The problem is that when the world's pie is not growing, debates over dividing it become fiercer. Poorer countries -- which now manufacture many of the world's goods -- are particularly wary of policies that could harm them in the short term. Manufacturing is usually the most volatile sector in a downturn, and those countries have been hit especially hard by the collapse of technology investment this year.

"The U.S., Europe and to some extent Japan can control their own destinies," Alan S. Blinder, the former vice chairman of the Federal Reserve, said. But smaller nations, like Argentina, cannot. "To some extent, they're innocent victims in all this," he said.

When the world's weaker economies are troubled, larger countries can often lead them out of it, much as the United States helped Asia recover from its late- 1990's crisis by buying so many of its products. In fact, by 1999, nearly every region of the world was growing.

But with no large struggling economies to keep prices down by selling cheap exports, Mr. Achuthan said, central banks began to worry that demand would overwhelm supply, setting off inflation. So the banks raised their rates, choking off growth by making debt payments more onerous and future loans more expensive. Oil prices began rising too, leaving businesses and consumers with less to spend on other goods.

Most important of all, though, people believed that technology -- in the form of global computer networks -- had changed the economic rules by making business endlessly more productive, and hence more profitable. Stock markets gained 20 percent, or more, a year, and companies spent billions on new equipment.

Then the reckoning came. Orders for Finland's cellphones and Singapore's circuit boards plummeted. Corporate profits began to fall, as did share prices, leaving investors with much less money to spend. Companies that had vastly increased their capacity could not profitably sell all their products.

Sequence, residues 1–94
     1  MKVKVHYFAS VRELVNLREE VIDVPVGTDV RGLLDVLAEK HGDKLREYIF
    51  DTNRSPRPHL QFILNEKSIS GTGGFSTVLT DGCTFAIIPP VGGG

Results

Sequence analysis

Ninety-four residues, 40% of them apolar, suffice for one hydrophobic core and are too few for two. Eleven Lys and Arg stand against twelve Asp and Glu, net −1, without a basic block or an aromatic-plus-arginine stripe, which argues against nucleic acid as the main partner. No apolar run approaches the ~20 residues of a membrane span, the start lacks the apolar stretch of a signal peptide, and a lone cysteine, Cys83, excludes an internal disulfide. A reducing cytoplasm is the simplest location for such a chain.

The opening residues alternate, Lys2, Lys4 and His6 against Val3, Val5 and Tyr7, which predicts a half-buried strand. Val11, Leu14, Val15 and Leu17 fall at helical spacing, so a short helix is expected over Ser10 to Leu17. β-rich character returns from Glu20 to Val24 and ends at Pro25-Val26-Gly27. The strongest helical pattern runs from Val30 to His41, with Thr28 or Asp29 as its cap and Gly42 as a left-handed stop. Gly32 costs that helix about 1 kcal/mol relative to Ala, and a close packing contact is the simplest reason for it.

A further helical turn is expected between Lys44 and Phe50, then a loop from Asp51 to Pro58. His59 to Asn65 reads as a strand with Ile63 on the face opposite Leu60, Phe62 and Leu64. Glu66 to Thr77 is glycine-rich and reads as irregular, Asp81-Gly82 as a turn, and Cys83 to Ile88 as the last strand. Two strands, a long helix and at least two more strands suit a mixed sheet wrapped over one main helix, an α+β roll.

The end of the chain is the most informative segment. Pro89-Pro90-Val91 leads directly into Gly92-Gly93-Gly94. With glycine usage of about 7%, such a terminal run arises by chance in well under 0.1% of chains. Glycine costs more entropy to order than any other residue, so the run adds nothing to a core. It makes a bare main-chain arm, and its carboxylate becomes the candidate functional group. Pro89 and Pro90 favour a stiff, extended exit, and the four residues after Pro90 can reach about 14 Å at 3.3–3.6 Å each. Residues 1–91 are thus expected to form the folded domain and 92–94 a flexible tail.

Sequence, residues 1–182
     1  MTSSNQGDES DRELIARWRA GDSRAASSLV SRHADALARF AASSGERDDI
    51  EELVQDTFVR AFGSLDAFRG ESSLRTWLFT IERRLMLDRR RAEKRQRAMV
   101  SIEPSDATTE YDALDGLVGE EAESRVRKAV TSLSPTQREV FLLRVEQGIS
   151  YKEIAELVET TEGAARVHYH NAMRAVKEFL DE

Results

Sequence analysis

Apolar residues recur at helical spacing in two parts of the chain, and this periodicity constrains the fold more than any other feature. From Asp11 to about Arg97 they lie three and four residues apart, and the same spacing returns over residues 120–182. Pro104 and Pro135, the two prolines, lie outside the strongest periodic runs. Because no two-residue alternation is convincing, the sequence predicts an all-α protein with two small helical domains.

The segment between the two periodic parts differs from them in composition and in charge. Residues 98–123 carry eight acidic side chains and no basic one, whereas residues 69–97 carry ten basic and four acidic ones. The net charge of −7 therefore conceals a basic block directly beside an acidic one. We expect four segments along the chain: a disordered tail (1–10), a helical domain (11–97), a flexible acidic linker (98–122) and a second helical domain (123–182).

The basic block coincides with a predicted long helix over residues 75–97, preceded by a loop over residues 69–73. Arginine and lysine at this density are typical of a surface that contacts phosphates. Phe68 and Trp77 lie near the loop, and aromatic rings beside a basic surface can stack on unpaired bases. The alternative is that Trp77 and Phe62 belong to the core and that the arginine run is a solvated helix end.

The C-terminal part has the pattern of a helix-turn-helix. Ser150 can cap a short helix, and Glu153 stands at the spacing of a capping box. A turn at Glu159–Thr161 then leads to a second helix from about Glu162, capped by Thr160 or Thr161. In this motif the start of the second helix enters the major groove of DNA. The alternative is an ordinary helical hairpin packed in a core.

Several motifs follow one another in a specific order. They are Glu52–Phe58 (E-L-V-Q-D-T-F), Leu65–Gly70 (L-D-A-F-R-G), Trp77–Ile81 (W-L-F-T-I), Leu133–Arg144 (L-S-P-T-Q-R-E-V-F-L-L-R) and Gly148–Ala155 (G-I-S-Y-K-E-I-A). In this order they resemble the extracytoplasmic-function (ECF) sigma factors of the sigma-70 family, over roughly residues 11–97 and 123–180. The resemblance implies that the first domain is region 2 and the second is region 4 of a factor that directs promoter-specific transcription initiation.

On top of all that, the attacks of Sept. 11 brought the economy of the United States to a temporary standstill and continue to affect people's confidence, and willingness to spend money, even in Europe. New security measures have also slowed business.

This recession is young enough that broad measures of the global economy have not yet fallen as far as they did during some other recent downturns -- even regionalized ones, like the English-speaking recession of 1990-91, which afflicted Australia, England and the United States. But economists say they are on their way.

When the recession will end, and how bad it will eventually be, is difficult to predict because the world has not experienced something like this since at least the oil shock of 1979 and -- given that Japan continued to grow through most of it -- perhaps not since the energy crisis of 1973-75. Most forecasters and government officials believe the downturn will not be nearly as painful as the the one in the mid-1970's. Central banks are acting forcefully to lower interest rates, and many companies have reduced their stockpile of unsold goods.

For now, though, there are few signs of turnaround, especially in the country where the new-economy bubble popped the loudest. And until the United States economy begins growing again, analysts say, the rest of world will struggle as well.

"The recession started here and was exported elsewhere," Mr. Barbera said. "The recovery has to start here too."